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Digital Destiny » Blog Archive » NetCompetition.Org: They Have Drunk Too Much Cable/Telco Lobby Kool-Aid

NetCompetition.Org: They Have Drunk Too Much Cable/Telco Lobby Kool-Aid

We hate to focus too much on this Telco-Cable industry funded lobbying effort. But its latest [9/29] self-heralded “one-pager” attacking network neutrality proponents requires a response (we admit we may have come down with a Sen. Stevens form of `fetish’ about this lobbying site). Netcompetition’s analysis comes from a naive view of the realities of the broadband market. The paper paints a glowing picture of what it believes is emerging broadband competition. Hence, with such prospective abundance of networks and content likely, it argues that the country ignore the calls for safeguards coming from net neutrality supporters. We are, suggests Scott Cleland, experiencing “unfounded pessimism and fear about the future of broadband…”

First, we have to say that history is on our side. Despite all the talk and proclamations about bypass and competition—we haven’t had much in the multichannel and telecom sector. It’s been a sad story of consolidation and broken promises. Two, Mr. Cleland is ignoring the powerful triple/quad play now being deployed by his funders. Their networks—and content applications and partnerships—will dominate our TV, PC, and mobile experience for many years. The current state of broadband concentration–along with the emerging marketplace conditions–should be unthinkable in a democracy. Two companies control the cable industry; two will dominate the telephone market. Already, old media incumbents are swallowing new players—such as the News Corp. takeover of MySpace. There is tremendous consolidation throughout the digital content marketplace.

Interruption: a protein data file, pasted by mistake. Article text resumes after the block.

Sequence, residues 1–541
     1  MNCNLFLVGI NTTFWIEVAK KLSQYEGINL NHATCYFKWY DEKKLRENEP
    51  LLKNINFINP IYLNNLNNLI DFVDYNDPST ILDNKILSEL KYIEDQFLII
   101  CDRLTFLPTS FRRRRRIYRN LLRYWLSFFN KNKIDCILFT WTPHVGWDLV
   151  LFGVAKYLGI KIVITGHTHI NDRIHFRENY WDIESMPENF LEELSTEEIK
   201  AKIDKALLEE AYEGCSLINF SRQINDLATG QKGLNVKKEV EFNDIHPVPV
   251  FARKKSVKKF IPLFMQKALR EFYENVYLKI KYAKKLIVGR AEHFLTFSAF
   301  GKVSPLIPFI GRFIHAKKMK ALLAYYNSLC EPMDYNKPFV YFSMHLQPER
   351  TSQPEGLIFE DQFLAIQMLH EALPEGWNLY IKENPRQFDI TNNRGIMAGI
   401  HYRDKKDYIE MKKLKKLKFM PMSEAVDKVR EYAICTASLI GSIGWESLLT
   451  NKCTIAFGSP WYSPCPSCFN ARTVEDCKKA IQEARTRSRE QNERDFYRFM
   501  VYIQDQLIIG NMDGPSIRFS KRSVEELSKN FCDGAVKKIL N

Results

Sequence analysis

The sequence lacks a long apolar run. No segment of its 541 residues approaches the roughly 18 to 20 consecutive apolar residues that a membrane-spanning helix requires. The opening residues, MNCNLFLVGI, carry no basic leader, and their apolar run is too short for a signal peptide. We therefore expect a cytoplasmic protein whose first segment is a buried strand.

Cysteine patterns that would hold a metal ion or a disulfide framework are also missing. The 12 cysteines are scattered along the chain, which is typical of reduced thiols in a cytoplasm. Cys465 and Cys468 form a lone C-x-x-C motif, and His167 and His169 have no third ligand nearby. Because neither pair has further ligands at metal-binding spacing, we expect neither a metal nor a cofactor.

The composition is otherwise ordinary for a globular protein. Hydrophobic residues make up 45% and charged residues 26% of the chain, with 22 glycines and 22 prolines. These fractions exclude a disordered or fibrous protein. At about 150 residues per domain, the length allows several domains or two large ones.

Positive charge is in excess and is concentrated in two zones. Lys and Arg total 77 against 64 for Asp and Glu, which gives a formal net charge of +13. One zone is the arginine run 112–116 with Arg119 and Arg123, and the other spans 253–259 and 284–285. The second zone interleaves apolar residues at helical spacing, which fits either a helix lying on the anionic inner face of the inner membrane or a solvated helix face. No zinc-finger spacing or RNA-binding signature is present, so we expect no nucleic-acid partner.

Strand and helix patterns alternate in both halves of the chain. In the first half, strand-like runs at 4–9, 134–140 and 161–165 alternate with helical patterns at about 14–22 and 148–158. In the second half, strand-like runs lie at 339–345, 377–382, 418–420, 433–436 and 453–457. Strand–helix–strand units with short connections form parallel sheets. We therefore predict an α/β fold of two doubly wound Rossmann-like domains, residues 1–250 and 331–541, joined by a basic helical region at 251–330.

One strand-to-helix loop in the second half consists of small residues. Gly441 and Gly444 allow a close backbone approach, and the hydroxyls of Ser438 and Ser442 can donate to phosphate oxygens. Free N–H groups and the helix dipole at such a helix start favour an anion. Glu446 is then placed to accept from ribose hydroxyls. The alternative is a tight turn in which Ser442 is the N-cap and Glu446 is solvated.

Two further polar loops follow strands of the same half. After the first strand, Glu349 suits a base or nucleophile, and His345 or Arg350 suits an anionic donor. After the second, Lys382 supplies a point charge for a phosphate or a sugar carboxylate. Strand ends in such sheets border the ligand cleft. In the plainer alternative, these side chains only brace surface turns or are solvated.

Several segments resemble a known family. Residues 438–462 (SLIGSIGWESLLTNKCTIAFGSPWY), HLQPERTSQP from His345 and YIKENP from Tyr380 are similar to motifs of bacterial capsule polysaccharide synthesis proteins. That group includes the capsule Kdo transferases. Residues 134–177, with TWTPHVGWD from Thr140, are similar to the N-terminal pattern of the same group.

Hey Netcompetition. Your argument that just over the hill our digital media system is awash in a Wizard of Oz golden glow doesn’t cut it. We need safeguards now.

It’s not pessimism, but honest realism with an eye on the needs of our democracy. That’s a currency in too short supply in the nation’s capital.

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